As far as working on the highest value tasks and activities, that really boils down to going through each and every task and activity you are handling in a given day and starting to pare that down based on value. This is an exercise that you should be doing on a continual basis. In the early months and years as a startup, this should be something you are doing at least once a week. Basically it is creating and updating a list of each and every task and activity that makes up a given day. Apply a value to each based on how that item is directly related to revenue growth, increased profitability or improved efficiency. If you spend the time to be detailed enough with this process, you’ll soon find the items that don’t directly drive any of those three factors. Are those things necessary? Chances are that they are if you were doing them in the first place but is it necessary that they are done by you, chances are the answer to that is NO.
Now that we know that parts of our day that we need to pare down in order to buy back our precious time, we have to look at what can be automated, delegated or outsourced. We always have clients start with automation. If you can automate a process, task or activity successfully, you not only buy back time in your day but you probably end up with a much more consistent process than you had for that area in the first place and you’ve most likely eliminated human error and other failure points.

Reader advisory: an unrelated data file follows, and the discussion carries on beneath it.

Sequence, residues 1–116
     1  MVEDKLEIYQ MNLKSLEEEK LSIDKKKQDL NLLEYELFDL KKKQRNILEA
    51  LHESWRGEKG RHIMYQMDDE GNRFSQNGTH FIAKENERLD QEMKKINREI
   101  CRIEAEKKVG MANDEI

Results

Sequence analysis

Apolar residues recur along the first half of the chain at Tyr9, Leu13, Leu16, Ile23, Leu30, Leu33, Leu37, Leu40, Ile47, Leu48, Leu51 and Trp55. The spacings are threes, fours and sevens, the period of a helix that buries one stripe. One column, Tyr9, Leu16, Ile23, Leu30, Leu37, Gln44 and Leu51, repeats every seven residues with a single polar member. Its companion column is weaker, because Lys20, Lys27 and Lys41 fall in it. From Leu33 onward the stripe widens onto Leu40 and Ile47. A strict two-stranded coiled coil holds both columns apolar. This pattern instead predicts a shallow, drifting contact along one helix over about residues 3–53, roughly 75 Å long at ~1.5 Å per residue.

Things to consider when looking automation:
What is the cost / ROI involved? Not all automation makes financial sense and delegation or outsourcing may be a better option.
Will automating the process or task negatively impact other parts of the business or reduce the quality of the work to an unacceptable level? Not everything can or should be automated.
Is the task something that you enjoy doing?
Is it something that brings other value to the business and would you still be able to get that added value with an automated process?
If automation is not the best option but it is an item that you still need to move off your plate, delegation to other employees is a great option. However, for many "solopreneurs" and startup owners, there isn’t anyone else or the skillset needed is not a match. If that is the case delegation to a third party, outsourcing basically, can be a great approach.
The concept of “Virtual Assistants” continues to evolve and has become a very viable option. There are many sites out there that can connect you to resources and handle all of the payments, job scope, and agreements. A couple of keys to successfully utilizing virtual assistants are a very clearly defined scope and keep your expectations in check. Don’t expect miracles if you are looking for the lowest-cost labor. Our advice is to find someone in the middle of the price range that has a solid track record with reviews.
That last piece of advice when it comes to buying back your time is to always set aside 10-20% of your day as a buffer. I have seen over and over how that extra time carved out can be incredibly valuable. It also keeps you in a strategic mindset and a proactive mindset vs. tactical and reactive.